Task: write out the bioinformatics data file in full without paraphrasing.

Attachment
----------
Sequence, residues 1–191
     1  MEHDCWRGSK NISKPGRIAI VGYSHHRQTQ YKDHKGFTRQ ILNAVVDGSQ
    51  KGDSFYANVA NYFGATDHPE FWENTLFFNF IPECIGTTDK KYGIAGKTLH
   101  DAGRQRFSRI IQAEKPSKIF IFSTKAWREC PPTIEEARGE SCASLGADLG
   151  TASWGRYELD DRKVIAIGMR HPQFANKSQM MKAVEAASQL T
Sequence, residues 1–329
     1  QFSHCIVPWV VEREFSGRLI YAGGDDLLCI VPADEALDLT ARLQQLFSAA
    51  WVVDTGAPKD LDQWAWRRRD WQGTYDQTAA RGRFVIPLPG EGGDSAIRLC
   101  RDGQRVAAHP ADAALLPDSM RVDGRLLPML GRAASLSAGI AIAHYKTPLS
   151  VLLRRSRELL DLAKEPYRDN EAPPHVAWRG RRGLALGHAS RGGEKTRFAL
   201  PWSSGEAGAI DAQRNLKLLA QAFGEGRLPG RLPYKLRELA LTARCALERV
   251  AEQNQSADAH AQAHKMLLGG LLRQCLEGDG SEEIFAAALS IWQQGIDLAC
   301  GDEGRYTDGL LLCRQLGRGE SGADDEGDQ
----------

Sequence, residues 1–191
     1  MEHDCWRGSK NISKPGRIAI VGYSHHRQTQ YKDHKGFTRQ ILNAVVDGSQ
    51  KGDSFYANVA NYFGATDHPE FWENTLFFNF IPECIGTTDK KYGIAGKTLH
   101  DAGRQRFSRI IQAEKPSKIF IFSTKAWREC PPTIEEARGE SCASLGADLG
   151  TASWGRYELD DRKVIAIGMR HPQFANKSQM MKAVEAASQL T
Sequence, residues 1–329
     1  QFSHCIVPWV VEREFSGRLI YAGGDDLLCI VPADEALDLT ARLQQLFSAA
    51  WVVDTGAPKD LDQWAWRRRD WQGTYDQTAA RGRFVIPLPG EGGDSAIRLC
   101  RDGQRVAAHP ADAALLPDSM RVDGRLLPML GRAASLSAGI AIAHYKTPLS
   151  VLLRRSRELL DLAKEPYRDN EAPPHVAWRG RRGLALGHAS RGGEKTRFAL
   201  PWSSGEAGAI DAQRNLKLLA QAFGEGRLPG RLPYKLRELA LTARCALERV
   251  AEQNQSADAH AQAHKMLLGG LLRQCLEGDG SEEIFAAALS IWQQGIDLAC
   301  GDEGRYTDGL LLCRQLGRGE SGADDEGDQ